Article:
In the bathroom that had been added on after he'd bought the old shotgun-style house outside Charleston, Carson peeled off his sodden sweats and stepped under the shower, flinching as he adjusted the head for nail-driver pressure. Nothing like a hard stream of cold water pounding down on his scalp to jump-start the brain.

It was several minutes before he realized that not all the pounding was water. Someone was at his front door.

Wrapping a towel around his waist, he barefooted it down the hallway and opened the door a crack, expecting the pizza he'd ordered earlier. He'd been practically living on the stuff for weeks.

“Hey, man, I was about to give up on you. Got a mes
sage from the chief.” The voice was hoarse, the face familiar.

Shivering as the rain-laden March wind streaked past him into the house, Carson stepped back and let his friend and partner inside. “You look like hell, Mac.”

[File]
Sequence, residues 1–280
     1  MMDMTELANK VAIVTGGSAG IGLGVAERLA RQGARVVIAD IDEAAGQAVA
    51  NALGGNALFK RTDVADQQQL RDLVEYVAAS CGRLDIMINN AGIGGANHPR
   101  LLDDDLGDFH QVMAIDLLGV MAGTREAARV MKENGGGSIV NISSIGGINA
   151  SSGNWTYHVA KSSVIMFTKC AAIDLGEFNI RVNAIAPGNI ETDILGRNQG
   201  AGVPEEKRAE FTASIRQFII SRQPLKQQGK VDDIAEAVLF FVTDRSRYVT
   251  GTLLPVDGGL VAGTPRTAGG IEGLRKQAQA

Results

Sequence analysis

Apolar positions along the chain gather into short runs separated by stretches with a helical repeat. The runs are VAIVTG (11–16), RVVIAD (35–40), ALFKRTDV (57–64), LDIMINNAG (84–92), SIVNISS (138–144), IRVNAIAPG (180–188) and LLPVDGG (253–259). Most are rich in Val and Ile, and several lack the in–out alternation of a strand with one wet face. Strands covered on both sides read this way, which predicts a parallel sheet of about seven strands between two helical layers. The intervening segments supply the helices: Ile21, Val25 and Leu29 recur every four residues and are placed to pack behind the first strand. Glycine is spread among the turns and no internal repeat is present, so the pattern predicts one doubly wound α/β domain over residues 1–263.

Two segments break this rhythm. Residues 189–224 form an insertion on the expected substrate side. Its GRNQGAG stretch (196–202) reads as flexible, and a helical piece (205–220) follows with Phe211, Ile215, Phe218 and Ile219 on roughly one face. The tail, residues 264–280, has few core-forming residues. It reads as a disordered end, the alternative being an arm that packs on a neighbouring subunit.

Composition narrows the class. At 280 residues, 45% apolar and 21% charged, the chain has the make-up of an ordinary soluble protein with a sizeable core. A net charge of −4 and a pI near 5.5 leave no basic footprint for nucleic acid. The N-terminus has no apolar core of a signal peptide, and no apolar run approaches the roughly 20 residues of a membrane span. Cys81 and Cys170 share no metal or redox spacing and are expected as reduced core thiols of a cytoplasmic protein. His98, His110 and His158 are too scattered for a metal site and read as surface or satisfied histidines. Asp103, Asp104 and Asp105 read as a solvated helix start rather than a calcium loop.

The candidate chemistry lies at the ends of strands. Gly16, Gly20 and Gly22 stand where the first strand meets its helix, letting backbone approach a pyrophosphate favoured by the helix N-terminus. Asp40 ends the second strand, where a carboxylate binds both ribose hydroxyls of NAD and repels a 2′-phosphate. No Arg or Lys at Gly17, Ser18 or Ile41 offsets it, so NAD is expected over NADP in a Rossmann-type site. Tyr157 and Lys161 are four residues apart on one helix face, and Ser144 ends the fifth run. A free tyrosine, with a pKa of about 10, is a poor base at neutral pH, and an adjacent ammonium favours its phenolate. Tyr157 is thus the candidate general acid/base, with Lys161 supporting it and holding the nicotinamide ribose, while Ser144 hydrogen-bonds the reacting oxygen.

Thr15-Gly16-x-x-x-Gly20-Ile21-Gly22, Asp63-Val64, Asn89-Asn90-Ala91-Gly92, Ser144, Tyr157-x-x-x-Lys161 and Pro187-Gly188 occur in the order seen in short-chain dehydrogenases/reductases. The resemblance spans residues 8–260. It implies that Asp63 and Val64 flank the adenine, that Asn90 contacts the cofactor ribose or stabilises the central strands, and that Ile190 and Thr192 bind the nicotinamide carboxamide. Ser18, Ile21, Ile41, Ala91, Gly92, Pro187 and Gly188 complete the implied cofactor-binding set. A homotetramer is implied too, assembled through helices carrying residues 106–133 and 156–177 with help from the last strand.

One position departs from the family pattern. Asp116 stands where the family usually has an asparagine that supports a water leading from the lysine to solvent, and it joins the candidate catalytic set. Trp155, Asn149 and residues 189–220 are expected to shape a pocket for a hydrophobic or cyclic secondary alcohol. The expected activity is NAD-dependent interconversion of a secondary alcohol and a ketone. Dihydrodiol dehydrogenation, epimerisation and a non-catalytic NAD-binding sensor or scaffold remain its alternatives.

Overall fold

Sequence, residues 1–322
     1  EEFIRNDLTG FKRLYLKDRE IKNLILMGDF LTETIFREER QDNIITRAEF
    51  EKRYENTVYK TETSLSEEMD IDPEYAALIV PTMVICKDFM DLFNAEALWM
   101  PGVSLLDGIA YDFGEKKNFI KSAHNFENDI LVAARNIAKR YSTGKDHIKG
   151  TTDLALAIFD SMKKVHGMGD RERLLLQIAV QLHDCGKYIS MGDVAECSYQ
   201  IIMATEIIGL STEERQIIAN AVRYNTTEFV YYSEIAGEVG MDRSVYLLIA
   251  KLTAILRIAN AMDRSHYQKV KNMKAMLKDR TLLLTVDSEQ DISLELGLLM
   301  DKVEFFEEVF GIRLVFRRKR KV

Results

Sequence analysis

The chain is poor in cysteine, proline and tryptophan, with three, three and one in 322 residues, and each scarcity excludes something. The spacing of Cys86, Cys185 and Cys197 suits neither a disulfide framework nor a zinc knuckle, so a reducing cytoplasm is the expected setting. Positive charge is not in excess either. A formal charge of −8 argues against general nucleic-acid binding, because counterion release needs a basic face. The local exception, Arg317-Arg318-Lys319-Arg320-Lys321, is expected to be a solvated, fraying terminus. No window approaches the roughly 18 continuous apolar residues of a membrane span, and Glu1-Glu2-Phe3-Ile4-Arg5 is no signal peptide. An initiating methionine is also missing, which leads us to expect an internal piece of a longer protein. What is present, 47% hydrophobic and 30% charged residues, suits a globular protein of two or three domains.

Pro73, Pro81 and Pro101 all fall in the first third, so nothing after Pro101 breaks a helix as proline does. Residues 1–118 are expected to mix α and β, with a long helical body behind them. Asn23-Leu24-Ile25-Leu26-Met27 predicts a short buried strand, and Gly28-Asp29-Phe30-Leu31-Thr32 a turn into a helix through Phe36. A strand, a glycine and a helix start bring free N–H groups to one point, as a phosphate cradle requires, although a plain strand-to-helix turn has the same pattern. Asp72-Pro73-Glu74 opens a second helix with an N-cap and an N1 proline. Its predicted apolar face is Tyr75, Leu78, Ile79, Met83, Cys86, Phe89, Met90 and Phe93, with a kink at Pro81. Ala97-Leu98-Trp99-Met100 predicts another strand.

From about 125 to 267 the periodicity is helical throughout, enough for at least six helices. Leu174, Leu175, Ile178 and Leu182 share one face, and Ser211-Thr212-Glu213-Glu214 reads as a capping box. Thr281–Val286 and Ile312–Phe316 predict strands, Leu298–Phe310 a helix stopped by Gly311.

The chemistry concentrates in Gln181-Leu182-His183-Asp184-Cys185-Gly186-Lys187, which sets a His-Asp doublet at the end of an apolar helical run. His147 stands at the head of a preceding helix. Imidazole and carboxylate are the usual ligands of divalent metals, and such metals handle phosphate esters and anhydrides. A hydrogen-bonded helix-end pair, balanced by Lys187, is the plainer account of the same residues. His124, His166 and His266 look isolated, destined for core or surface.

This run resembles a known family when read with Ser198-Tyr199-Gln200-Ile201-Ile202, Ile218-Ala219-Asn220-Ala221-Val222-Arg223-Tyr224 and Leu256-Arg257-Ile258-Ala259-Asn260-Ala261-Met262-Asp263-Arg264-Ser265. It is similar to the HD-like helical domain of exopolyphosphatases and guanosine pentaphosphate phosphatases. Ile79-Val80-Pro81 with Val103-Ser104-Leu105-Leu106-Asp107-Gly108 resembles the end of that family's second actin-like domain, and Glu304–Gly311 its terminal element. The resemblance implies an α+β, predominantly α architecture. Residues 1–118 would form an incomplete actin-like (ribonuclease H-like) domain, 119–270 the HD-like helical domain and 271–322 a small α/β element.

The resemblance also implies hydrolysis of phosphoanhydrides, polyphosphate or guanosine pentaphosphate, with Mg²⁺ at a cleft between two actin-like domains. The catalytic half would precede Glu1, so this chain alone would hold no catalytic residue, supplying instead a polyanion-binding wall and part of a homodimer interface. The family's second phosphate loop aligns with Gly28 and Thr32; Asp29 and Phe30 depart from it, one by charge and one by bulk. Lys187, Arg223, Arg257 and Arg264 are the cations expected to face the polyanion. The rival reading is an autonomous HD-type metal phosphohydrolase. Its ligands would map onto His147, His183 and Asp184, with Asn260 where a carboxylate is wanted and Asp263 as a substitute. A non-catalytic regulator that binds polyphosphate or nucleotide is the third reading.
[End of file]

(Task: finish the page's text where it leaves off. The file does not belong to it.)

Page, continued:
“Look who's talking,” the younger man croaked.

“Come on in, there's still some coffee in the pot.” The two men had joined the force the same year and had worked together on numerous cases, sharing too much stress and bad coffee.

The stocky, redheaded policeman flung the rain off his hat and ducked inside. He opened his mouth to speak and sneezed instead. “Jesus, Car, I'm sorry.”

“Bless you. Sounds like you need something stronger than coffee.”

“Can't. On duty.” Mac McGinty dragged forth a soggy handkerchief and blew his red nose. “What I came for, Chief says you might as well stay out another week.” Carson had been out for the past three weeks on disability. “Everybody's got this flu thing, or whatever it is. Miserable stuff. Makes you feel like you been kicked all over.”